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How To Write a Social Story

Social Stories were developed by Carol Gray in 1991.  Social stories can be used to help someone understand what is going to happen and behavioral expectations.  A social story can be used for every day events as well as special events.  Special events can be both exciting as well as anxiety producing.  As an example, I will reference the annual Fairy Tale Ball at The Urbana Free Library.  If a child wanted to attend, but was afraid things would be too noisy, or the puppets scary, I could write a social story for that child.

My first step in writing a social story is gathering information.  The most important information is about the person.  What is the age and name of the child?  What are the concerns?  How does the child respond to things?  Who is attending with him or her? Once I know about the person, I need to gather information about the event.  In order to do that I would consult the event flyer and contact someone at the library for more information.  (Hint: If you are nervous about calling a place, trying writing yourself a little script.)  I would ask the library questions about the puppet show and noise levels.  They might be able to tell me everything I need to know, but if they cannot, then I would try to contact the performer(s) directly.  Once I have gathered all the relevant information about the event, I can start to structure my story.

First consider the main goal.  Using my example above, our main goal is to prepare for the puppet show and provide guidance for the child if it seems scary.  A secondary goal is to describe what the event will be like.  For a young child, I would use the first person:

I will go to the fairy tale ball at the library with my mom on Friday.  Many people will be there, and some people will be dressed up in costumes.  Once we get inside the library, my mom will take me upstairs to watch the puppet show.  If possible we will sit on the aisle, but those may already be full.  The puppets will be small.  Sometimes the puppets will say or do things that are mean and scary, but there will be a happy ending.  If I get too scared during the puppet show, I should whisper this to my mom.  My mom will take me to go do something else.   It is normal to feel scared.  My mom will be proud of me when I tell her how I feel.  

For some people, this will be the right level of description.  Others may need much more and you can also incorporate pictures, maps, and other visual supports.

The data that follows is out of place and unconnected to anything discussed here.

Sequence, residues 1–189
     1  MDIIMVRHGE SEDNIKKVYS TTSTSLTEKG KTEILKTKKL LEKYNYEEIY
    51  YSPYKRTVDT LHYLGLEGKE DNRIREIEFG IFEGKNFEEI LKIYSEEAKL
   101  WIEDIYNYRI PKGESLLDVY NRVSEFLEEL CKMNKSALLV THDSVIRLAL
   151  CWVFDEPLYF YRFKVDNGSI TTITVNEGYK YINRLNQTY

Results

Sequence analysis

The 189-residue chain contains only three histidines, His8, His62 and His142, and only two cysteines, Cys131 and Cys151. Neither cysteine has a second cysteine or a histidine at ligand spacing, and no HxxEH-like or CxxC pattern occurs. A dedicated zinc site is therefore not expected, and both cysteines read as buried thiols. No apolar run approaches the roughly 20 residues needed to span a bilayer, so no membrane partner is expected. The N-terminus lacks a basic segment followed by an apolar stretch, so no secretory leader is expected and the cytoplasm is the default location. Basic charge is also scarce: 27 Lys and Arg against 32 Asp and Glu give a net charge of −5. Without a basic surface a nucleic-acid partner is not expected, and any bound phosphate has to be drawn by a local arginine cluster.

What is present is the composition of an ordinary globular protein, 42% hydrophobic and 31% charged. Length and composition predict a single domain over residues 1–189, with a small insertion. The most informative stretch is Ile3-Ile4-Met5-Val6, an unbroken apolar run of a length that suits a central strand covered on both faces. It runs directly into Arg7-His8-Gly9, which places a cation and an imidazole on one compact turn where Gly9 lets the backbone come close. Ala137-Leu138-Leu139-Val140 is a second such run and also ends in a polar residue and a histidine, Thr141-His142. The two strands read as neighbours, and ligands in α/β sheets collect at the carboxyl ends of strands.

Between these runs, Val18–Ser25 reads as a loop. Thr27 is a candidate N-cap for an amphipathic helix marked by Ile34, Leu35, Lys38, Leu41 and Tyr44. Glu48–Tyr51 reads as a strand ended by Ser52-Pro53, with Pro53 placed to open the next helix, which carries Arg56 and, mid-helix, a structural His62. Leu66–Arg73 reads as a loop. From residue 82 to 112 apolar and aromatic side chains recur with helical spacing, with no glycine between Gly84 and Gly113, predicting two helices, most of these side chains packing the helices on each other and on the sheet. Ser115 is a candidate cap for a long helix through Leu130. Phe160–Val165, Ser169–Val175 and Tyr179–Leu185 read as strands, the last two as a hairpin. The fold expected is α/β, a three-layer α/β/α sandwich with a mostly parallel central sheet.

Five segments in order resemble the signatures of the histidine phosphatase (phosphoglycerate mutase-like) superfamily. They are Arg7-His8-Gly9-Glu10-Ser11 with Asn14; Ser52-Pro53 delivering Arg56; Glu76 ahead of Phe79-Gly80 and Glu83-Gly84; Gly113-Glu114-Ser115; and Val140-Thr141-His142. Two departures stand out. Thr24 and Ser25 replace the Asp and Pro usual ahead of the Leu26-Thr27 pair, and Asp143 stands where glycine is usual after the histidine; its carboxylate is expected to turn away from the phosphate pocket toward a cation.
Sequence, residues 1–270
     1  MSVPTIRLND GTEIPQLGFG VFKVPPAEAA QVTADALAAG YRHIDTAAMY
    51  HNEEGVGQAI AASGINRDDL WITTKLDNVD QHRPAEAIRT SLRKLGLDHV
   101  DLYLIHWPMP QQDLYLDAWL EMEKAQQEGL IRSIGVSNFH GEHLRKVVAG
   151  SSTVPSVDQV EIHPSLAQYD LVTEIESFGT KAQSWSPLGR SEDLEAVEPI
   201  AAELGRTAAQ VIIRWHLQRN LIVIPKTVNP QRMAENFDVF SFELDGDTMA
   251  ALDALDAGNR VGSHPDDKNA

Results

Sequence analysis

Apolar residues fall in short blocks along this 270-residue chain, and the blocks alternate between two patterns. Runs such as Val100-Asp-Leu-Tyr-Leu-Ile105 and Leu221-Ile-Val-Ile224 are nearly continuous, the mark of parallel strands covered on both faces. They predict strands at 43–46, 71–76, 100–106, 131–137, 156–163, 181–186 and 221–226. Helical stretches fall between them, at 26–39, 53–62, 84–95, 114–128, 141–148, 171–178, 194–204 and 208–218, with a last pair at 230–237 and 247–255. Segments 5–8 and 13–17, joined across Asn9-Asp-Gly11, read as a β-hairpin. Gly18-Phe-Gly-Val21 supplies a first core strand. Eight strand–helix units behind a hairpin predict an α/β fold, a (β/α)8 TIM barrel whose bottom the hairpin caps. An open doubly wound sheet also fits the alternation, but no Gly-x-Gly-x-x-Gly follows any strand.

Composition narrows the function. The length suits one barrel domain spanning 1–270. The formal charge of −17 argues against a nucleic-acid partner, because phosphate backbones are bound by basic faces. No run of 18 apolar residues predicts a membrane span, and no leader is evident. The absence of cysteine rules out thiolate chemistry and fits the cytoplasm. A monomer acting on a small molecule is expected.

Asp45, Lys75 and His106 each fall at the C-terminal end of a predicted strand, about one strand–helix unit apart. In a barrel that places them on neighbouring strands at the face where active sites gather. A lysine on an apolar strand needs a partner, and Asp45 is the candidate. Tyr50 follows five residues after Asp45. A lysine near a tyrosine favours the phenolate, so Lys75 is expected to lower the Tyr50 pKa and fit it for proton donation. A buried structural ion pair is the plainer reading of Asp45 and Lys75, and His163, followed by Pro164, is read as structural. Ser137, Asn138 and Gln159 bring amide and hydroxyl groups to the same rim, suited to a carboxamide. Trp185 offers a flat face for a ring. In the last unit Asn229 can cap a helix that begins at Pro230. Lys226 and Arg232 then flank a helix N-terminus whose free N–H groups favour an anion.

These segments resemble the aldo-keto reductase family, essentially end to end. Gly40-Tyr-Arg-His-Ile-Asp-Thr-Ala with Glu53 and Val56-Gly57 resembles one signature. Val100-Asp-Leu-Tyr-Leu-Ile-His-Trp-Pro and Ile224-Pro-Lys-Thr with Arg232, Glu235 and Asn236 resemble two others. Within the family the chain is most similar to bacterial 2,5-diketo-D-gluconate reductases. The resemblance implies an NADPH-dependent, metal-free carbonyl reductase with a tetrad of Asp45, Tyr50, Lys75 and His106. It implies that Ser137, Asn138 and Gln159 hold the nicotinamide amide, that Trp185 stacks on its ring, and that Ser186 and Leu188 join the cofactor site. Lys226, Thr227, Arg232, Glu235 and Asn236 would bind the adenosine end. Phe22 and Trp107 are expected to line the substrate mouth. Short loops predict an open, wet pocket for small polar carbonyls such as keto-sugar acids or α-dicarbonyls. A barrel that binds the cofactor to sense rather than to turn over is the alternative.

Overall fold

The story should always have something positive in it.  Focus on the positive desired behavior and not on what you want to avoid.  Validate the person’s feelings.

Add a descriptive title and introduce the story.

Social stories can be combined with other methods of previewing events and planning behaviors.  Other things to consider include videos, modeling, and role playing.  Whenever someone behaves as directed by the social story, reinforce the behavior with a lot of praise.  These methods are helpful for many individuals, not just children with autism.  The most important thing to consider is customizing the story to the needs of the individual.

Here are a couple more resources on Social Stories:



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Free and Reduced Priced Apps for Autism

Free and Reduced Priced Apps for Autism

Ready for Autism Awareness Day?  Tomorrow there will be many apps available for free or reduced rates.  Now could be the time to buy something that your were thinking of.  Check out this link on April 2nd.

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Financial Literacy

Most people struggle a little bit with their personal finances.  We all want to spend more than we have, and it is tricky to figure out how much we should spend on each of budget categories like housing or food.  Individuals with developmental disabilities also struggle with their finances, but now there are resources geared toward the young adult with Autism.

Apps and Games:

Interesting ideas and information:

  • An app to help low income individuals with finances and resources?   Adults with disabilities are often low income: http://mymoneyappup.challenge.gov/submissions/9635-moolah
  • The University of North Texas (renowned for its ABA  and Play Therapy programs) has received funding to create videos designed to teach financial literacy to Auties on campus.  The school recently received two $2,500 Mary O’Neill mini-grants from the Association for Financial Counseling and Planning Education.  The videos are being developed at the UNT’s new Kristin Farmer Autism Center together with the Student Money Management Center.
  • An article from Autism Asperger’s Digest by Jim Ball on financial literacy discusses some strategies for teaching various skills: http://autismdigest.com/financial-literacy/
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Apps and ASDs